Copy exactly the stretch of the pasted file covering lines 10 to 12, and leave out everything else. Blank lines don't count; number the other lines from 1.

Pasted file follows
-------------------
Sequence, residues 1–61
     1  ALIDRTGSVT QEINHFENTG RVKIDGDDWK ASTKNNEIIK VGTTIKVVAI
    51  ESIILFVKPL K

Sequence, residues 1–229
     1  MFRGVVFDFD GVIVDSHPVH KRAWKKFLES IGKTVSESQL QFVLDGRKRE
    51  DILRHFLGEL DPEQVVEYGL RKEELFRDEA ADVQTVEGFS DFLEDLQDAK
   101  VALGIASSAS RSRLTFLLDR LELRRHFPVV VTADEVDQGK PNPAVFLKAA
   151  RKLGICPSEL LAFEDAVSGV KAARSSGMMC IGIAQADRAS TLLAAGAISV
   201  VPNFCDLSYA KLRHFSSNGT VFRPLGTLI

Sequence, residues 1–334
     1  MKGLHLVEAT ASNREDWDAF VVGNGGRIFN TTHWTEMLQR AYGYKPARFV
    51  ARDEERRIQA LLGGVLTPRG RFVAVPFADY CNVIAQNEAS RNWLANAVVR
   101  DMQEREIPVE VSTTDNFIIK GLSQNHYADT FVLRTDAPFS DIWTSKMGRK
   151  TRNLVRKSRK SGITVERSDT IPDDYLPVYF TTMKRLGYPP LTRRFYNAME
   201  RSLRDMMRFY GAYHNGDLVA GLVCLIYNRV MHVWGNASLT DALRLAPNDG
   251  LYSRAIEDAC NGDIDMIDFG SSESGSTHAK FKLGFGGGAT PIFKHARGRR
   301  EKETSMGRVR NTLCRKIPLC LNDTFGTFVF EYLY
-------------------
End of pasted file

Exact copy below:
Sequence, residues 1–334
     1  MKGLHLVEAT ASNREDWDAF VVGNGGRIFN TTHWTEMLQR AYGYKPARFV
    51  ARDEERRIQA LLGGVLTPRG RFVAVPFADY CNVIAQNEAS RNWLANAVVR